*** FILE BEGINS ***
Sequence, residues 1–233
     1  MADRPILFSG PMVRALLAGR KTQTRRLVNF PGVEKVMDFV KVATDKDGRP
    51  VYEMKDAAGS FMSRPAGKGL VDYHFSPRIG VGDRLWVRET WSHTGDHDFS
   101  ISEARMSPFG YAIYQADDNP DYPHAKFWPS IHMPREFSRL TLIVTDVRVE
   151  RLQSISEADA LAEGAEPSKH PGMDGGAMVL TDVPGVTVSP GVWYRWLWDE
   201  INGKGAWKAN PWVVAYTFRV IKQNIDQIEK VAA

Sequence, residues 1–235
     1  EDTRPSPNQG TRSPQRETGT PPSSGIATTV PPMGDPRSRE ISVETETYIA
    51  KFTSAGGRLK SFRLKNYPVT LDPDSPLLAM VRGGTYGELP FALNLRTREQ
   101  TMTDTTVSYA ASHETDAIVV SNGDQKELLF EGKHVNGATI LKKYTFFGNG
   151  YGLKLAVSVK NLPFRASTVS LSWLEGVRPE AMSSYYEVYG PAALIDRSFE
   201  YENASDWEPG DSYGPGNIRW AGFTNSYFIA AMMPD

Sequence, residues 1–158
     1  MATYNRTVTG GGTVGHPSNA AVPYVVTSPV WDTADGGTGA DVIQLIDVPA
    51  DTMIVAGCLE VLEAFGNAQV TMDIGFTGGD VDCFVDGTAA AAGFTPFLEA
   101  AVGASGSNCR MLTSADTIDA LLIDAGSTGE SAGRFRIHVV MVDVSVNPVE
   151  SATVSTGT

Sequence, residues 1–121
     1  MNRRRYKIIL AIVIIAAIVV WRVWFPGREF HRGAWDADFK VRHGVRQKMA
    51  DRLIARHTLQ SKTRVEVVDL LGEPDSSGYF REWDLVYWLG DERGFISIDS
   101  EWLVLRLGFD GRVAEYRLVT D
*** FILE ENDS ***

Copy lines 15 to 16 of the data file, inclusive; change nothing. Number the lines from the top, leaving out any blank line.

    51  DTMIVAGCLE VLEAFGNAQV TMDIGFTGGD VDCFVDGTAA AAGFTPFLEA
   101  AVGASGSNCR MLTSADTIDA LLIDAGSTGE SAGRFRIHVV MVDVSVNPVE